Like many employers and human resources (HR) experts, I too watched with bated breath as Malaysia tabled amendments to the Employment Act 1955 earlier this year.

While the new act spanned a wide range of changes, including revisions to weekly work hours and parental leave, the ‘highlight’ that caught the attention of many Malaysians — employers and employees alike — was the introduction of flexible working arrangements (FWA). This particular revision enables employees to formally request for flexibility in their working hours, days and locations, giving significantly more control over their work schedules.

HR personnel and solutions providers have been watching this scene very closely, especially as uneasy sentiments from employers ended up pushing the implementation date from September this year to 1January 2023. Some have cited struggles to find sustainable FWA frameworks, or potential difficulties managing the numerous work arrangements that would inevitably arise.

However, the most pressing question we have heard on the ground is a much simpler one: Will employee engagement and productivity take a hit due to FWA?

FWA’s impact on productivity: myth, matter, or misunderstanding?

By allowing employees to work from anywhere outside the office, FWA means that employers are no longer able to keep a close eye on their staff as they once were. Although remote and hybrid work cultures have become the norm over the past few years, it has also given rise to concerns — and understandably so — that the lack of interaction would cause office productivity to slide.

Contrary to this, though, global HR market research has shown that FWA conversely actually increases productivity!

While there is a greater likelihood for employees to be working slightly longer hours at home, they are also more likely to have better work-life balance and lead healthier lifestyles. I personally find that this is because the flexible nature of FWA lets workers regain a sense of control over their personal and professional boundaries.

Being in a familiar environment (like a couch or personal study) and not having to sit through long commutes have been some clear upsides to FWA. The importance of this cannot be understated — an arrangement that saves people time, money, and energy helps lower stress levels and conversely encourages them to give more at work.

That said, some employers might be keener on being more hands-on in their approach to ensuring productivity levels stay high. Plenty of small, incremental changes can be included in management styles to navigate engagement and productivity in hybrid or fully remote FWA structures.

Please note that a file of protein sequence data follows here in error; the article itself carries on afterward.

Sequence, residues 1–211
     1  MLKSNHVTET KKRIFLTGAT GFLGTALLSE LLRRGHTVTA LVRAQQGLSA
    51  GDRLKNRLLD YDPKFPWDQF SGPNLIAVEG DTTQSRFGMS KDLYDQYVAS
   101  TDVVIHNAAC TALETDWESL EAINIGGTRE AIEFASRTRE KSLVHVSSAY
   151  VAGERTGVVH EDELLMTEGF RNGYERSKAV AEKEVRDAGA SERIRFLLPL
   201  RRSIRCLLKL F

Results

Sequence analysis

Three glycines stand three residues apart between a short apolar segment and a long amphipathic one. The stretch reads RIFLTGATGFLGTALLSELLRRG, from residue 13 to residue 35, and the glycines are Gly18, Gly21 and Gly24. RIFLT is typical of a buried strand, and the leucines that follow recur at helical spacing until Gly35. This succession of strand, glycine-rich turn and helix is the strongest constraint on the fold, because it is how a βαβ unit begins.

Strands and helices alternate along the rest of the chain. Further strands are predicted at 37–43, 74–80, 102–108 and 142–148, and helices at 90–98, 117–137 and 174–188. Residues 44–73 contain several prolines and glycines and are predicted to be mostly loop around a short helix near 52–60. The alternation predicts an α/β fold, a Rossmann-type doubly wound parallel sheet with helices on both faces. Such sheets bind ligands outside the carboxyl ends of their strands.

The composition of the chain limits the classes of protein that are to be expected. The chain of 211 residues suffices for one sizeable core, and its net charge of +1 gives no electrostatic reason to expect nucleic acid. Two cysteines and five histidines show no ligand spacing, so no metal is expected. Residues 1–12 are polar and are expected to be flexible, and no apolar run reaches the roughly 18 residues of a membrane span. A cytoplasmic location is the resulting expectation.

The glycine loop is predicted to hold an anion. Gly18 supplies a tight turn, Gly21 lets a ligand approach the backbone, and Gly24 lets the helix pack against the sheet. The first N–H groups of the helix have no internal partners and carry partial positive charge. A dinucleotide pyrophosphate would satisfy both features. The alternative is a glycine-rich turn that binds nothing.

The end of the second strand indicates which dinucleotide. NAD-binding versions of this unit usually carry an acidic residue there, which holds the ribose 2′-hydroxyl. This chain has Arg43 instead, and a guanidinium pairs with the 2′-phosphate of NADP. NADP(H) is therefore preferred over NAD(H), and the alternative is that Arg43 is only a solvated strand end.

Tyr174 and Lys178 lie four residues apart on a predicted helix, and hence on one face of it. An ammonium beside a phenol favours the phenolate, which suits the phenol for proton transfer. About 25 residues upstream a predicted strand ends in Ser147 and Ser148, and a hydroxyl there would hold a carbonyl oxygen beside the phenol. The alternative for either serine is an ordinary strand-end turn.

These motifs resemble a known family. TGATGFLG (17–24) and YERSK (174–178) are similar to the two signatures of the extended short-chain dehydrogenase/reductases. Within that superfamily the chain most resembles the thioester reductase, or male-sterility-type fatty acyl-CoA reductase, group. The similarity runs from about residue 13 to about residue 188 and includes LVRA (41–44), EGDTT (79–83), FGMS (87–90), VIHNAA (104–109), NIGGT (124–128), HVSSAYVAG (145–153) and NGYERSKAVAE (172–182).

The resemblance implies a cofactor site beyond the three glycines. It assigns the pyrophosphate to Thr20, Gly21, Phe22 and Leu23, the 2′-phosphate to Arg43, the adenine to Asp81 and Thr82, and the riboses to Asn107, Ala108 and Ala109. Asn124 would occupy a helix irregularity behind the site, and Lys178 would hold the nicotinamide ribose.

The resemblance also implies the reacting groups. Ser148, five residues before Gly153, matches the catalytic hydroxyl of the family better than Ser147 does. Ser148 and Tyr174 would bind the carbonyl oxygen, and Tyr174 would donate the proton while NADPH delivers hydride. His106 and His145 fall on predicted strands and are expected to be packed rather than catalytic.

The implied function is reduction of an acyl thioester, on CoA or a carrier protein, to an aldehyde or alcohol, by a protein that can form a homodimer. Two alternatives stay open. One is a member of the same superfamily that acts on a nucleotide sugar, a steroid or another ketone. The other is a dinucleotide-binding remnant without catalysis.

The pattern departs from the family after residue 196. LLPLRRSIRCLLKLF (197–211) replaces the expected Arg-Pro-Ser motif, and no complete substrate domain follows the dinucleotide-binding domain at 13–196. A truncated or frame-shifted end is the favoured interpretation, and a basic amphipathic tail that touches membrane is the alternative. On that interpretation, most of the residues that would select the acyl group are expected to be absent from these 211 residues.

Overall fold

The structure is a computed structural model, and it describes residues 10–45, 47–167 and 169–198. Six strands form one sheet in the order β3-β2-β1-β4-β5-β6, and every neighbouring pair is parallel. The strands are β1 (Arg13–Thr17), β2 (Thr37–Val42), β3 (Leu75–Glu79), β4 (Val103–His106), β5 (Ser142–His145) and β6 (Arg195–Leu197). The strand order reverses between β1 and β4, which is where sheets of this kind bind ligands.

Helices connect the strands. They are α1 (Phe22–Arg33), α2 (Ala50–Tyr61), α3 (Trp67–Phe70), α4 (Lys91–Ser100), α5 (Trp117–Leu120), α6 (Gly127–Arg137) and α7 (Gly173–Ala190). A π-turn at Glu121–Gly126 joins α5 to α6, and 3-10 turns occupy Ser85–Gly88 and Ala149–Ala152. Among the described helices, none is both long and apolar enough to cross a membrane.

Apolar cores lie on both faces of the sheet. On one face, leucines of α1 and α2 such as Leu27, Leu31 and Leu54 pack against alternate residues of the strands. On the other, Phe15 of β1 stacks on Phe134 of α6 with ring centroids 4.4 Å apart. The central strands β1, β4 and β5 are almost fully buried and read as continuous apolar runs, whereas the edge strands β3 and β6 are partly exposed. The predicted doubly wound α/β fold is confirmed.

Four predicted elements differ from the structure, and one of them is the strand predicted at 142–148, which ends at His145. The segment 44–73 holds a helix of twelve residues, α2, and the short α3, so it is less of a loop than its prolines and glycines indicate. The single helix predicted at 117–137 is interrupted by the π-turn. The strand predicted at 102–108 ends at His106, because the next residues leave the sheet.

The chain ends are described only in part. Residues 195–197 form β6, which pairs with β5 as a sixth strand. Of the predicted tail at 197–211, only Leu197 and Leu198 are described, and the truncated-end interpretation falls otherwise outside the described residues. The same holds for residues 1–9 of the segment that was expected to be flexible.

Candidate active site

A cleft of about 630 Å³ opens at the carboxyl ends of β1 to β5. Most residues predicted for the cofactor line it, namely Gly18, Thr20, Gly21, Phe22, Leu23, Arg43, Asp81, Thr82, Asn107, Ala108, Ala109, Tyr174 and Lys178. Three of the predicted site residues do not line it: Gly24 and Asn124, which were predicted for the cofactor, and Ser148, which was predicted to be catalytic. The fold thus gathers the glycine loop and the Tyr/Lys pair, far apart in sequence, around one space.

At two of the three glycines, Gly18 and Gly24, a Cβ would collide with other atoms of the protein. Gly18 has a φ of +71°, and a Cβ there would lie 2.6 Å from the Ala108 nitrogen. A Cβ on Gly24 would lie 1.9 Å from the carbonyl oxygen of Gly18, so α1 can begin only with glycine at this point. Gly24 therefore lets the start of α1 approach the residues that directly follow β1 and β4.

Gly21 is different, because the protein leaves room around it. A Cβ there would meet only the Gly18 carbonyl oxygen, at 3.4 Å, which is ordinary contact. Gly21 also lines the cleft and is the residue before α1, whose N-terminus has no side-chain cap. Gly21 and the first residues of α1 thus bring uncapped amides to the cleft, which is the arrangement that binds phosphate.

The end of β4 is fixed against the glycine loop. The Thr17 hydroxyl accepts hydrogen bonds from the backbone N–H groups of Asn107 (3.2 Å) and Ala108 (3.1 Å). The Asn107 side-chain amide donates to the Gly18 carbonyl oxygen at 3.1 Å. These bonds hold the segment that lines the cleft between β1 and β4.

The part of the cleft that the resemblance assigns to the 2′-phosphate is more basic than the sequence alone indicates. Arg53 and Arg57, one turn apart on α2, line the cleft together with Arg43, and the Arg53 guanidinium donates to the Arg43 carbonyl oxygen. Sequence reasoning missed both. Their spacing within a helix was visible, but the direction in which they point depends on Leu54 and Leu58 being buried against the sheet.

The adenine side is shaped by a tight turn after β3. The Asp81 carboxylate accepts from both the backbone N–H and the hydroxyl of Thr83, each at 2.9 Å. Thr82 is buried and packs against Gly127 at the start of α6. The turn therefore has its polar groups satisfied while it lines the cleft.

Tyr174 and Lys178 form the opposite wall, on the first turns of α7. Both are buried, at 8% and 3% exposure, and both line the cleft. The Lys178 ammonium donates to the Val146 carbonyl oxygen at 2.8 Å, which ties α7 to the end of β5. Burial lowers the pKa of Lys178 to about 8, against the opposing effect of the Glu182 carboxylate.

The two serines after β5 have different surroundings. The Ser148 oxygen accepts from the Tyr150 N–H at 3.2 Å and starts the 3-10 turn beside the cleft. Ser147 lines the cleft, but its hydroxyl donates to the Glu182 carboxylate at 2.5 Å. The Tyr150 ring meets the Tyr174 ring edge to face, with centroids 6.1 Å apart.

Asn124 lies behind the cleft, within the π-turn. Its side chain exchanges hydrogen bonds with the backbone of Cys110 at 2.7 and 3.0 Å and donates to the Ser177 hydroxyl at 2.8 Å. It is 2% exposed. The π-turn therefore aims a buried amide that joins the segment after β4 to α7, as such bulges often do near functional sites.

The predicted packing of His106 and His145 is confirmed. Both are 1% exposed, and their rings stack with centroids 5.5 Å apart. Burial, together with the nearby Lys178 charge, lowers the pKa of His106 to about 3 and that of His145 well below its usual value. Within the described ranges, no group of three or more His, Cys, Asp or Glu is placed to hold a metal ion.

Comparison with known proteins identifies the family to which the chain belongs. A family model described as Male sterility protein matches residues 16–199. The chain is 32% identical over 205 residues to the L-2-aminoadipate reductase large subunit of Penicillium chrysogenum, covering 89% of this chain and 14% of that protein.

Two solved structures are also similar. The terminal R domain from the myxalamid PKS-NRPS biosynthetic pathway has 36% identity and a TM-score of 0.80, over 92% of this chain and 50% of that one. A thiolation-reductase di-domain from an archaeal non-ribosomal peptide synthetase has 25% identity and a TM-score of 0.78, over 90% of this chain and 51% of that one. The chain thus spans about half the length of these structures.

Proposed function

Plying the path of productivity

The first thing that comes to mind when it comes to monitoring employee productivity (at least, during the early days of remote work) is time trackers and constant check-ins. However, managers run the risk of micro-managing when using these methods — which could alienate employees from wanting to collaborate more closely with their teams.

Personally, I believe productivity is a two-way street. Beyond keeping teams connected and expecting employees to deliver their best, companies must also help employees feel seen as individuals.

Take time to understand their needs and preferences outside of team settings: some may prefer text messages, while others are more comfortable with video calls. Employers who tailor their approach for individual outreaches can keep employees more confident, motivated, and engaged, even though screens.

Rather than expecting employees to navigate these work arrangements naturally, employers must also support workforces with the correct technology and tools. At the most foundational level, cloud suites and shared task boards ensure that everyone is able to access and co-work on the same files regardless of location. As productivity is a team effort, opportunities must be created for collaboration to keep communication channels constantly active.

Meanwhile, office productivity tools help managers rethink and implement new communication styles. It may sound cheesy for project information, workflows, and even key company initiatives or employee announcements to be shared via an internal network! However, in the era of remote work, receiving quality communications at comfortable intervals can help strengthen employee connectedness to the larger organisation.

To minimise the potential of communication slip-ups that can impact productivity, ground rules are also incredibly critical. This could range from small initiatives like setting virtual working hours and quick end-of-day message updates to keep all team members on the same page on the day’s work — all the way up to a team-wide or company-wide calendar where employees can clock in and record their remote days, such as WorkSmartly’s digital FWA dashboard.

Ultimately, balance is key: showing employees that the company values a split between ‘your own space’ versus ‘our shared goals’ will encourage the workforce to make the hours count, wherever they are across Malaysia.

This article is written by Victor Phang, CEO of WorkSmartly


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